After staying awake for 72 hours straight you start to hallucinate. Nothing too serious, it's mostly peripheral - you might see a payphone walking across the street or some kind of rodent suddenly dart out then disappear. The hallucinations aren't dangerous, but they make for an interesting drive into the village when you're racing to hand in your movie for the World Ski and Snowboard Fest's 72-Hour Filmmaker showdown.
That's right, the second biggest local film event of the year (I'm partial to the Heavy Hitting B Grade Halloween Horror Film Festival) is back and with teams shooting all weekend, so don't be surprised if you end up caught in the crossfire. The top films screen Tuesday night at the Conference centre. Doors are at 8 p.m. but tickets will be sold out long before that.
Local teams have a pretty good track record of beating out the imported film school 'professionals' so if someone you know approaches with a camera in hand and asks you to do some crazy shit you'd usually never consider, help 'em out. Plus, they've probably been up for 60-plus hours eating only slivers, pepperoni sticks and gummy bears. You don't want to anger someone in that state.
Another big local film shindig coming this weekend is the Whistler premier of Rock Paper Scissors: A Geek Tragedy. Several years in the making, Rock Paper Scissors is a documentary chronicling the rise of the ubiquitous childhood decision-making game (also known as RoShamBo) into an international sport where 'athletes' compete for a World Championship title and thousands of dollars in prizes.
Focusing on Doug and Graham Walker, Toronto brothers who've spent years incubating the simple game into an organized worldwide competition, Rock Paper Scissors outlines the history of the sport and introduces some of it's most dedicated competitors and throw-sequence strategies - a Rock Avalanche is always good but never underestimate the deadly Scissor Sandwich.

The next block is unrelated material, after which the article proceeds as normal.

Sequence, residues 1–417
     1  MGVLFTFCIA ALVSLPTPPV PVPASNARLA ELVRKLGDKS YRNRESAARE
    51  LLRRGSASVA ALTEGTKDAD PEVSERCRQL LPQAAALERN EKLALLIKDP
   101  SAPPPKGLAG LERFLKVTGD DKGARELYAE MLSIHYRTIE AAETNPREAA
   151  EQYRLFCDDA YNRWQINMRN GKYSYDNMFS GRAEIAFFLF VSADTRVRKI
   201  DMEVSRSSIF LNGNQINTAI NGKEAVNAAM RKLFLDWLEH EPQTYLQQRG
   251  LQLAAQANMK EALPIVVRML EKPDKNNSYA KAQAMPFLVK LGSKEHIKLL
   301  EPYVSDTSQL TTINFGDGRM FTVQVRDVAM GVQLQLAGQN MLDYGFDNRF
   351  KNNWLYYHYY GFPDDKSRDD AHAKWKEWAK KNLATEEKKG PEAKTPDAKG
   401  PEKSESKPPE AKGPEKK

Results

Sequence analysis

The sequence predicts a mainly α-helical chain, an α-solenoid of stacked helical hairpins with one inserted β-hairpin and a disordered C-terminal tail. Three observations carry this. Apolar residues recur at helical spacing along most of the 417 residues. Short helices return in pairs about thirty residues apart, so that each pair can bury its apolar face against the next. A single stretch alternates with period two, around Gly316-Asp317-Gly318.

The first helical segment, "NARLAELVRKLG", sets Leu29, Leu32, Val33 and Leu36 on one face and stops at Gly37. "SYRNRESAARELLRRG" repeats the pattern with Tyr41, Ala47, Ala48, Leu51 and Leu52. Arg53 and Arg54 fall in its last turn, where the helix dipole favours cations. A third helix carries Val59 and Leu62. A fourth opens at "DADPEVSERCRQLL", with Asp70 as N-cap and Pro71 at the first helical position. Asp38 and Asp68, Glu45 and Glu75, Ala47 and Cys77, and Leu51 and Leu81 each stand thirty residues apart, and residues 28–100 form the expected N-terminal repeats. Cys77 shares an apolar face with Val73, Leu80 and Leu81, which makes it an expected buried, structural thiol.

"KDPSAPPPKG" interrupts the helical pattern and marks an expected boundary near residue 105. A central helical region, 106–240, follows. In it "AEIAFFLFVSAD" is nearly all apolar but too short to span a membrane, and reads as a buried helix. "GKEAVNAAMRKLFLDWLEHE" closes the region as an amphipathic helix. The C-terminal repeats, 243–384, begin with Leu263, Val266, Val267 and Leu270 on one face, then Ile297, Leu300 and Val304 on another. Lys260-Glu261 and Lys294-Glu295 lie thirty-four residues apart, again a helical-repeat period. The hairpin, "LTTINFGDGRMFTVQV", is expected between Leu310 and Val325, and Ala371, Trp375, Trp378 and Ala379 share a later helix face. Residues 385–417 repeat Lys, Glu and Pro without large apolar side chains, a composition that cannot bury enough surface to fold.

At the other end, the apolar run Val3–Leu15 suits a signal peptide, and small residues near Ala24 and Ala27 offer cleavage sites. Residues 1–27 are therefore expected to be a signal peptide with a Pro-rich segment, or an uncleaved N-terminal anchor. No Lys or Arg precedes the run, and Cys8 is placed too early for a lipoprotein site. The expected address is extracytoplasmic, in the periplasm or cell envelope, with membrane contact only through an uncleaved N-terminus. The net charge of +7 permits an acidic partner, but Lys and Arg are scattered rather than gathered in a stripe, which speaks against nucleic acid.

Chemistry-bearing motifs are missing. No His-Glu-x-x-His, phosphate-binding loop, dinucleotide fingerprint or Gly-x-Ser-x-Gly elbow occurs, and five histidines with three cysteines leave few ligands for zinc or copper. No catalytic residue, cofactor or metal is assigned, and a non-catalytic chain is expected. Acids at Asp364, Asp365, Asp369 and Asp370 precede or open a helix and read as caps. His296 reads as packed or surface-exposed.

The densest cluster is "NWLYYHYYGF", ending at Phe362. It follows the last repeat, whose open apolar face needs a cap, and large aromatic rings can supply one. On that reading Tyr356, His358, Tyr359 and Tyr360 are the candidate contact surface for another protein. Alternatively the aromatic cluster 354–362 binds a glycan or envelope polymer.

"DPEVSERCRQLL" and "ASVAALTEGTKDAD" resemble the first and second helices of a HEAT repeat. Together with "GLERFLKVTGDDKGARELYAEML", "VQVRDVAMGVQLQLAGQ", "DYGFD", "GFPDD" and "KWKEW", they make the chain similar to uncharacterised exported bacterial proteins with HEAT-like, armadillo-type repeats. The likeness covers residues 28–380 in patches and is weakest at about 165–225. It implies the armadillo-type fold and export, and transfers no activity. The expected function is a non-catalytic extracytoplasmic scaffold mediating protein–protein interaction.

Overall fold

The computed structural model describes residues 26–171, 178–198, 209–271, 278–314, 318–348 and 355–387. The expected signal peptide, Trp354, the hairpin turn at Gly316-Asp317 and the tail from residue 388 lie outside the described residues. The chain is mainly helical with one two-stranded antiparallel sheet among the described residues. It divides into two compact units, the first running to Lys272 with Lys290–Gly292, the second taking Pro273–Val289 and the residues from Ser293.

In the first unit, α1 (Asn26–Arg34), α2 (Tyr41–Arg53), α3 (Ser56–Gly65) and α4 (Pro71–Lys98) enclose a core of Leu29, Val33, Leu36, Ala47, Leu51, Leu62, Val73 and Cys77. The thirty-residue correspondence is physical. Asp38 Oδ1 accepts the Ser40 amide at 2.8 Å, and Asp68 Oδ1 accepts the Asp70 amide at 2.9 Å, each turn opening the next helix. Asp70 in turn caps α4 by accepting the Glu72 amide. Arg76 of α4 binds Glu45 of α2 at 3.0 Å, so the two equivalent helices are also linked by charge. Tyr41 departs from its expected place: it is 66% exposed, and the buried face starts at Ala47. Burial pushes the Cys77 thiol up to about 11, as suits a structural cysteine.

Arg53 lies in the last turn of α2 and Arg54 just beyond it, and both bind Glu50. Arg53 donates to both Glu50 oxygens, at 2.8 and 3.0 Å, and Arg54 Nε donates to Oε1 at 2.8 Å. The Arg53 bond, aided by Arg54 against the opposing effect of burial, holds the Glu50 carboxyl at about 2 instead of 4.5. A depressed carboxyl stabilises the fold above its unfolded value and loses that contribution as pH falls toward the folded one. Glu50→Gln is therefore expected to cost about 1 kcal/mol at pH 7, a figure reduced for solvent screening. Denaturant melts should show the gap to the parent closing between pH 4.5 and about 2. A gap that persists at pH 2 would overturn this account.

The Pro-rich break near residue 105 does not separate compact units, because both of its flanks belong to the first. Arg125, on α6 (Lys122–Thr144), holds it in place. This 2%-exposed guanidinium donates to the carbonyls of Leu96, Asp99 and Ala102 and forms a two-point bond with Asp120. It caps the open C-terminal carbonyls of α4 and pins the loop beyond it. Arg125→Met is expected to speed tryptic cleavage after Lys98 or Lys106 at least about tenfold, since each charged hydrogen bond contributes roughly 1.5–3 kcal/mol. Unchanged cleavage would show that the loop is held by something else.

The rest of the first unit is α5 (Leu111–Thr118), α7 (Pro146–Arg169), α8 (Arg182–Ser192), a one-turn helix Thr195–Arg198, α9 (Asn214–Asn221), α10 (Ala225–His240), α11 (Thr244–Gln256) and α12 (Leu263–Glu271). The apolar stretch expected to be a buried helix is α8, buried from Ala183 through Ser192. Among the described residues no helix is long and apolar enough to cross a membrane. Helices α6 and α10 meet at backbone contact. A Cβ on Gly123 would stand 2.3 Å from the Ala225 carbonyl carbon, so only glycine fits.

The middle section of the film drags a tiny bit but the third act brings the real drama, when bigwig American TV producers looking to help elevate the Walker's 'hobby' to the next level end up starting a competing RPS championships in Las Vegas, complete with Playmates and an amped-up television commentary. Old loyalties are tested, souls are sold, and the film transcends its fun, quirky concept and digs into themes of selling out and the danger of letting the fun stuff you love doing become a business where $$ starts making all the decisions. I imagine some pros in this town can relate to that.
Rock Paper Scissors: A Geek Tragedy plays on Saturday, April 18 at 7:30 p.m. at the Rainbow theatre. Producer Pat McKinnon lives in Pemby and he mentioned there are rumours of an impromptu RPS tournament after the screening. You'll have to check out the flick to find out exactly where. Also hit up the website, www.rpsfilm.com.
At the Village 8 they are opening 17 Again , the latest adult-magically-becomes-a-teenager-again movie starring Zac Efron. I've said it before and I'll say it again - piss on this shit. Efron blows and I think he wears lipgloss too.
Also opening is State Of Play, an uninspired take on the corporate conspiracy plot starring Russel Crowe as a rule-breaking reporter and Ben Affleck as a politician who can't act. Not bad, but not great either. On the other hand, Crank: High Voltage stars Jason Statham as a guy with an electric heart, who at one point has to dry hump an old lady to build up enough static electricity to stay alive. Stupid, mindless and awesome. Did I mention Amy Smart returns for this sequel? I'm totally in - if you stay awake for three days then go see Crank - it's like a sensory